It's not often that a Nor'easter centered more than 600 miles out to sea brings heavy snow and and major coastal flooding to New England, but Winter Storm Saturn
is a one-of-a-kind. The massive storm, which was centered about 600 miles east-southeast of New York City at 7 am EST, sprawls out over a huge area of ocean more than 1000 miles across. While the central pressure of 988 mb is not exceptionally low for a Nor'easter, the sheer size of the storm is allowing Saturn to pile up a formidable storm surge, which hammered the coast of Eastern Massachusetts during the Friday morning high tide cycle, causing severe erosion, widespread street flooding, and damage to roads and houses. Snowfall amounts as high as 18" have fallen in Massachusetts (in West Walpole), and a band of moderate snow has set up along an arc from New York City to Boston. The big storm has dumped 6+" of snow on seventeen states this week, from North Dakota to Massachusetts. The deepest snows fell in the Appalachian Mountains of western Virginia and eastern West Virginia, where a number of locations received over twenty inches. The top snow-getter was Franklin, West Virginia, with 24". Figure 1.
Satellite image of Winter Storm Saturn at 9:45 am EST Friday March 8, 2013. Image credit: NASA/GSFC.
There's a nice 3-day animation
of these satellite images available from NASA. Figure 2.
A house slides into the ocean waters at Plum Island, MA, after being hit by pounding waves from Winter Storm Saturn on Friday, March 8, 2013. (Courtesy: NECN)Moderate to major coastal flooding in Massachusetts
The island of Nantucket, MA, which is south of Cape Cod and thus the land area closest to the center of WInter Storm Saturn, has received the worst pounding from the storm's wind and water. The island has observed wind gusts greater than 40 mph every single hour since 6 pm Wednesday evening, and will probably continue to so so until late Friday afternoon (thanks to Eric Fisher for this stat.) A storm surge of 3' hit Nantucket Island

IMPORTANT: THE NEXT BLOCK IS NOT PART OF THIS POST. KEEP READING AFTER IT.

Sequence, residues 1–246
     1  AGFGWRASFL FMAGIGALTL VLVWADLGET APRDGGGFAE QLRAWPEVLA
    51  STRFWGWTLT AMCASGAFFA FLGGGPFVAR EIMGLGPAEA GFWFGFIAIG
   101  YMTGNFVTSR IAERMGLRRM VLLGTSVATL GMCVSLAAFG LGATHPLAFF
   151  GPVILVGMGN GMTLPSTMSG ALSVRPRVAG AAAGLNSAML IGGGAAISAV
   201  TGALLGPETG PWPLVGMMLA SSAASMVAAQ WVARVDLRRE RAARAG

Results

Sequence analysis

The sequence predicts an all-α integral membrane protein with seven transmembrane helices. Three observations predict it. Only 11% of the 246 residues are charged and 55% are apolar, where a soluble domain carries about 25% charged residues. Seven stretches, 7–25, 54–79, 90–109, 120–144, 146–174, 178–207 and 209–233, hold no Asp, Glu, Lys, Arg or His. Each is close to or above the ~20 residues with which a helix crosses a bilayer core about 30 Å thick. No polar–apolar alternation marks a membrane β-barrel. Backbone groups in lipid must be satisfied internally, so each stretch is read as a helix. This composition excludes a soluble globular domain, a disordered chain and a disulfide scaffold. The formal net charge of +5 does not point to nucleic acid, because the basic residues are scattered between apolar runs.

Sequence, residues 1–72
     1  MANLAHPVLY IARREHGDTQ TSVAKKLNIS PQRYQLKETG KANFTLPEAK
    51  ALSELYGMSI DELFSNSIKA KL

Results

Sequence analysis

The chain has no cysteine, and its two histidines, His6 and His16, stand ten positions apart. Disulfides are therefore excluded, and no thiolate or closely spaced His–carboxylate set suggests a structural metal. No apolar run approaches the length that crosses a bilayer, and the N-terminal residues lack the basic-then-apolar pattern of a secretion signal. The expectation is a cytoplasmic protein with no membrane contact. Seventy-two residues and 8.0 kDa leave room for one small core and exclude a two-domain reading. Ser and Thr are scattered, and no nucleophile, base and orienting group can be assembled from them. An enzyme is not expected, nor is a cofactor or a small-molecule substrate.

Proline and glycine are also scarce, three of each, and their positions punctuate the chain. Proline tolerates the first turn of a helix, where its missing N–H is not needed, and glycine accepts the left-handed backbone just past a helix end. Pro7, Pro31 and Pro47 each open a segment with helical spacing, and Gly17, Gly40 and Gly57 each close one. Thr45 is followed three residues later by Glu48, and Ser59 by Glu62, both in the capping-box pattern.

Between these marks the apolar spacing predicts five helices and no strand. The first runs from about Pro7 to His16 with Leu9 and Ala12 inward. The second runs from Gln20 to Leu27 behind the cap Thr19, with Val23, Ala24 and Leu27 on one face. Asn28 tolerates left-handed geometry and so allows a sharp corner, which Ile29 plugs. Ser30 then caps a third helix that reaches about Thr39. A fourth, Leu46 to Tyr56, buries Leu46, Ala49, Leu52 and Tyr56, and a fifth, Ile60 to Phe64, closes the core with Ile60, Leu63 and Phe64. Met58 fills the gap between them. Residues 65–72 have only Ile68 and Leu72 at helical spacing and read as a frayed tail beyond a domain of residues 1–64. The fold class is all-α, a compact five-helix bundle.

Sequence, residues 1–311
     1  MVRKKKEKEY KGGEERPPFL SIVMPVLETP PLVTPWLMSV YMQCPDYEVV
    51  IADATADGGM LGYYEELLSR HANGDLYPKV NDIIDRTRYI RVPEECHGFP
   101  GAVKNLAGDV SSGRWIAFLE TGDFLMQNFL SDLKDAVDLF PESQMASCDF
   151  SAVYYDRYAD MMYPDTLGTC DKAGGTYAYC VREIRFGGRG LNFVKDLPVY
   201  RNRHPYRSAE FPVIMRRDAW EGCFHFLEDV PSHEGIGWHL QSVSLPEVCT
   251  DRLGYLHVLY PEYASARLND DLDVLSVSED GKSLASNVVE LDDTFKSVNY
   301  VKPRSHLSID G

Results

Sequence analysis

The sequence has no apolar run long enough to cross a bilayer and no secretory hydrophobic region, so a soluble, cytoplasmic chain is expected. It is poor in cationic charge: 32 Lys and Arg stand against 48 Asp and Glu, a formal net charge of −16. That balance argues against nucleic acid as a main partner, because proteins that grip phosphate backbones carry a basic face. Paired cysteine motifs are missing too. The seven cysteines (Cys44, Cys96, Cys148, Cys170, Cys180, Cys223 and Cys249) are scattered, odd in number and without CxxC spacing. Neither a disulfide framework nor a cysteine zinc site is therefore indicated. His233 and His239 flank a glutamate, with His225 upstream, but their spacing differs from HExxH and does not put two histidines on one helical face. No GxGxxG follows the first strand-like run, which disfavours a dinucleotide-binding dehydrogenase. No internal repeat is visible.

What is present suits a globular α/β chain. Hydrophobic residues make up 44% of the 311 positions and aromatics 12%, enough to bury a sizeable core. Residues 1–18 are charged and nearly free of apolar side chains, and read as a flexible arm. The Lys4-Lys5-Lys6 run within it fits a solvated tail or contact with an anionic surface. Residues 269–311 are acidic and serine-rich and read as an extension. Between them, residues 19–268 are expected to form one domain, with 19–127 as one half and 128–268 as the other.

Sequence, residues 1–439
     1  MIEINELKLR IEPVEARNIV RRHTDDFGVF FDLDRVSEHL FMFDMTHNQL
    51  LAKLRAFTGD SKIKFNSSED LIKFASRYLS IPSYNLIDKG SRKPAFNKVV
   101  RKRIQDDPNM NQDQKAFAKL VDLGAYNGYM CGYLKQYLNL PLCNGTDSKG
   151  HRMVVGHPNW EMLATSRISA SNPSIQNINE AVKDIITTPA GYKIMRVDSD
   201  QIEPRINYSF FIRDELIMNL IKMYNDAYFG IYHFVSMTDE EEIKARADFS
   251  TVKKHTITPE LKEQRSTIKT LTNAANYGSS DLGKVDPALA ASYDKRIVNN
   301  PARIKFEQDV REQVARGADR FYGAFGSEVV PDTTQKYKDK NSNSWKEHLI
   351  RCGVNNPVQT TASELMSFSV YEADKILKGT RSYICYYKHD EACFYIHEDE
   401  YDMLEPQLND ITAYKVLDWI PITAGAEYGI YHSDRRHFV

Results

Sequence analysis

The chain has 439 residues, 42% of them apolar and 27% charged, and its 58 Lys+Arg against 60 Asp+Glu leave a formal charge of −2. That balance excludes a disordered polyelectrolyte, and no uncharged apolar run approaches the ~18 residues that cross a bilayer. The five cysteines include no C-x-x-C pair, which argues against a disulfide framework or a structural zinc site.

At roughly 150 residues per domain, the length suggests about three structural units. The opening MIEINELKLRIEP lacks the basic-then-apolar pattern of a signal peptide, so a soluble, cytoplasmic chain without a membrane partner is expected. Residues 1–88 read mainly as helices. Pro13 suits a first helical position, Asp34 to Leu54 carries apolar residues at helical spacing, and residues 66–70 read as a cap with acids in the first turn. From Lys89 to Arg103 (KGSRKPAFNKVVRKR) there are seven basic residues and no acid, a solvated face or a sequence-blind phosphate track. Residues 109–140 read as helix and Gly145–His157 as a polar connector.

on both Thursday and Friday. The storm tide--the height of the water above the high tide mark--reached 2.63' during the Friday morning high tide, and 2.57' during the Thursday morning high tide cycle. These heights beat out the Blizzard of 1978 for 5th highest Nantucket water level since records began in 1965. Only Nor'easters in 1991, 2013 (Nemo),
1992, and 1987 brought higher water levels to Nantucket. Boston was too far to the north of Winter Storm Saturn to receive a top-ten storm tide; the storm surge water level peaked at 2.62' above the high tide mark
during the Friday morning high tide, well short of the 3.43' needed to crack Boston's top-ten list.
Our Winter Storm Saturn
Section has more on the storm. You can also track current storm surge levels using our wundermap with the storm surge layer
turned on.Join me in Austin, TX on Monday for "Climate Change and the Individual"
I'll be in Austin, Texas on Monday March 11, where I'll be speaking at a panel discussion on climate change that the public is invited to (it's free.) The event is at Bourbon Girl, 212 East 6th Street, 2:30 - 3:30 pm. On stage with me will be David Kenny, CEO of The Weather Channel, and Peter Glatzer and Adrian Grenier, co-founders of SHFT.com.
Adrian is the star of the HBO TV series, Entourage. SHFT.com's mission is to convey a more sustainable approach to the way we live through video, design, art and culture. The event is part of "SHFT@Austin", which runs from 10:30 am - 6 pm at Bourbon Girl. The event features a Green Gadget Lab, SHFT's Year on the Road Photo Gallery, in-car app demos in Ford electric cars, and some of The Weather Channel's latest innovations.
Wunderground's climate change blogger Dr. Ricky Rood has a very detailed article in the Washington Post
on what it would take for the U.S. to catch up to the European ECMWF group in forecasting skill: "the benefit of additional money can be important, but the impact will be patchy. To be the best in forecasting, the U.S. must face the underlying issues of fragmentation and provide the U.S. organizations responsible for weather forecasting a stable environment in which to function. "